Laboratory Use in Individuals with Early-Onset versus Usual-Onset of Diabetes: A Retrospective Cohort Study

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Background: The incidence and prevalence of diabetes is increasing in younger individuals and these individuals are at an increased risk of complications. Laboratory testing is used to screen and monitor for complications in people with diabetes, and there is concern that this is not being achieved as per clinical guidelines. The objective of this thesis was to describe the frequency and results of guideline recommended laboratory tests in individuals with early-onset (<40 years of age) and usual-onset diabetes (≥40 years of age), and to explore clinical and sociodemographic factors related to guideline concordance of frequency of testing and results. Methods: This observational, retrospective cohort study used population-based administrative and clinical databases in Alberta from 2018 to 2019. We included adults with incident diabetes (age ≥18 years) and stratified by age of onset (<40 years versus ≥40 years). Individuals were followed for a total of 365 days for glycated hemoglobin (A1C), low-density lipoprotein cholesterol (LDL-C), estimated glomerular filtration rate (eGFR), and albumin to creatinine ratio (ACR) tests. Descriptive statistics were used to compare laboratory testing between early-onset and usual-onset groups. Multivariable logistic regression was used to assess factors related to guideline concordant testing frequency and above-target results. Results: Overall, the cohort included 23,643 individuals with incident diabetes (mean age 54.1 ± SD 15.4 years, 42.1% female). The early-onset group represented 18.9% of the cohort. A higher proportion of the early-onset group had lower frequency of testing for A1C, LDL-C, eGFR, and ACR tests and above-target test results for A1C and LDL-C compared to the usual-onset group. After adjustment of covariates (sex, socioeconomic status, rural residence, medication use), the early-onset group was more likely to have lower frequency of testing for A1C, LDL-C, and eGFR tests and above-target A1C and LDL-C levels compared to the usual-onset group. Sociodemographic and clinical factors were also associated with testing frequency and above-target test results. Conclusions: Despite a universal health care system, the early-onset group was not meeting clinical guidelines for testing frequency or targets. Future work is needed to inform tools and strategies to improve guideline recommended laboratory use in this group.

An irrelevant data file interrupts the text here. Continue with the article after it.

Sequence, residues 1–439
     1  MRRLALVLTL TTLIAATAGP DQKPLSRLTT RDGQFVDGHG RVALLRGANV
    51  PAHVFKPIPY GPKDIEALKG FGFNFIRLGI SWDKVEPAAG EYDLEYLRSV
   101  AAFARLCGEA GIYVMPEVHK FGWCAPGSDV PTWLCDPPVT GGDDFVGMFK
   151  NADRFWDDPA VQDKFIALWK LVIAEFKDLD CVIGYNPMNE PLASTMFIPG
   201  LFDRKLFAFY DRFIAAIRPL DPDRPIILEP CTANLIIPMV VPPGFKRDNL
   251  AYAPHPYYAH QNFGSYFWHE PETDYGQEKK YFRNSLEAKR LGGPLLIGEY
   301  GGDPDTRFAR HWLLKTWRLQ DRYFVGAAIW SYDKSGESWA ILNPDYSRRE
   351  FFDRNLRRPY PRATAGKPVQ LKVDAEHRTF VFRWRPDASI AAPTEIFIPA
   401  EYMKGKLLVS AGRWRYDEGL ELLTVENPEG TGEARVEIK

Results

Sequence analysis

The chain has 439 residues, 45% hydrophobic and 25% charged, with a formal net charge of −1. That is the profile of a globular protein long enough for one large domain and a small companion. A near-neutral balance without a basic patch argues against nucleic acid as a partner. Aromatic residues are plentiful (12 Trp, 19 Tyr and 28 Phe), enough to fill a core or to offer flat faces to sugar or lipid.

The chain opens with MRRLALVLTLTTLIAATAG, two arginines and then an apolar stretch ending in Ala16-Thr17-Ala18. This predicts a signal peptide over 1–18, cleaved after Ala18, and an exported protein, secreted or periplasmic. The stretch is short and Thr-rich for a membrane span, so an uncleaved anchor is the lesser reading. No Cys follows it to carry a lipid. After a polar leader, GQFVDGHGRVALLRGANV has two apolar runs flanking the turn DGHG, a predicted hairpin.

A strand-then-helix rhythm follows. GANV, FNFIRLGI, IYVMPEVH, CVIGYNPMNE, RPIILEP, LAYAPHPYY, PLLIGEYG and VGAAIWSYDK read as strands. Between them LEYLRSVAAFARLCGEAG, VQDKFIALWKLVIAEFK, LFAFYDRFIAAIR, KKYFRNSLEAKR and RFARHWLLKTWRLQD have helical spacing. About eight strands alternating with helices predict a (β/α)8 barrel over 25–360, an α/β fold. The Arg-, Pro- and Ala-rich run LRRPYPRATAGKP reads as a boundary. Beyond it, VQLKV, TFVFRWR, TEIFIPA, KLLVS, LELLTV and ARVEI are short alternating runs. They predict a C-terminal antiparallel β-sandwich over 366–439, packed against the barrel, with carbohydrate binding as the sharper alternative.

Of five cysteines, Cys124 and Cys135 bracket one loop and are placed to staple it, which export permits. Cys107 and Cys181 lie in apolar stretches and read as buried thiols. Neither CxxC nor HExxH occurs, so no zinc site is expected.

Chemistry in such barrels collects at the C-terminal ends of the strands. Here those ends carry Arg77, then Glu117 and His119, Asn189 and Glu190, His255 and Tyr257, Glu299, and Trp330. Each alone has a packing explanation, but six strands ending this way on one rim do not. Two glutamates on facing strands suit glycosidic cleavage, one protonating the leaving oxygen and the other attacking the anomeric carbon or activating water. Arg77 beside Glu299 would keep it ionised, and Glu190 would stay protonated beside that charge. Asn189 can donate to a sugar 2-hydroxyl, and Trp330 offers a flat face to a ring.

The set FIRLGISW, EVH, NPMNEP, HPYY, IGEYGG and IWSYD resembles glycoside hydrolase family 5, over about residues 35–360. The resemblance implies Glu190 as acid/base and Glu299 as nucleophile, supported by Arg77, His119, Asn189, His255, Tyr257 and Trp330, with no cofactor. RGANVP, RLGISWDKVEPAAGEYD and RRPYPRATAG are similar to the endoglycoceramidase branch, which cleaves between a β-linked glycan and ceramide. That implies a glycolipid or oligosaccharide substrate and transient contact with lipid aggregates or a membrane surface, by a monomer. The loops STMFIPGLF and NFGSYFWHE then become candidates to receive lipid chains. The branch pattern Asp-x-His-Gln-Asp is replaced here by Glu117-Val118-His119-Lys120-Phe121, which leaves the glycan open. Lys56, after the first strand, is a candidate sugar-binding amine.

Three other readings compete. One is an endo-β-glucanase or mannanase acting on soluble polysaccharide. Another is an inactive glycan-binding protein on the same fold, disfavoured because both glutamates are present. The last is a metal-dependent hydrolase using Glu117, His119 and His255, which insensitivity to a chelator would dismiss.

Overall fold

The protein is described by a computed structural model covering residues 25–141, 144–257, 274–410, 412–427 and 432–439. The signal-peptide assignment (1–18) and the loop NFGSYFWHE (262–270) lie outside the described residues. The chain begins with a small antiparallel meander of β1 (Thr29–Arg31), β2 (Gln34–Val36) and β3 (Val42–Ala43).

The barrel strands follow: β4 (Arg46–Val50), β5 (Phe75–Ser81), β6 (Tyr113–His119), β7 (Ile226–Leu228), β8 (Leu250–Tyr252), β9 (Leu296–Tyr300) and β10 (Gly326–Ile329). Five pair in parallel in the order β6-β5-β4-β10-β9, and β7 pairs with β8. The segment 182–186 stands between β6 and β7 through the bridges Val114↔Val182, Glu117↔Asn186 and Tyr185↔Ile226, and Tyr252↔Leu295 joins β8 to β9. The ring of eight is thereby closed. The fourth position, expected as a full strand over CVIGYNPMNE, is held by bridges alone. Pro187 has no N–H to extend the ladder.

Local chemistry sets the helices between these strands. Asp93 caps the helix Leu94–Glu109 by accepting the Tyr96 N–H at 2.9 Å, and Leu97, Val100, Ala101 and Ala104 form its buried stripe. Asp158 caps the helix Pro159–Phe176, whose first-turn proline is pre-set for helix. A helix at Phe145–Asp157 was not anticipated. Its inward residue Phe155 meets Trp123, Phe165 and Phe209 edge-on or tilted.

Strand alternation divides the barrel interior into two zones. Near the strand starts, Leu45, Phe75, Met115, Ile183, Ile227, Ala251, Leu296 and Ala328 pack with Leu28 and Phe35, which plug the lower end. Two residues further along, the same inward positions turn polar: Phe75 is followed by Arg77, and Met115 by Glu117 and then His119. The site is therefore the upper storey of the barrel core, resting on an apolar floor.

Sriskandarajah, A. (2023). Laboratory use in individuals with early-onset versus usual-onset of diabetes: a retrospective cohort study (Master's thesis, University of Calgary, Calgary, Canada). Retrieved from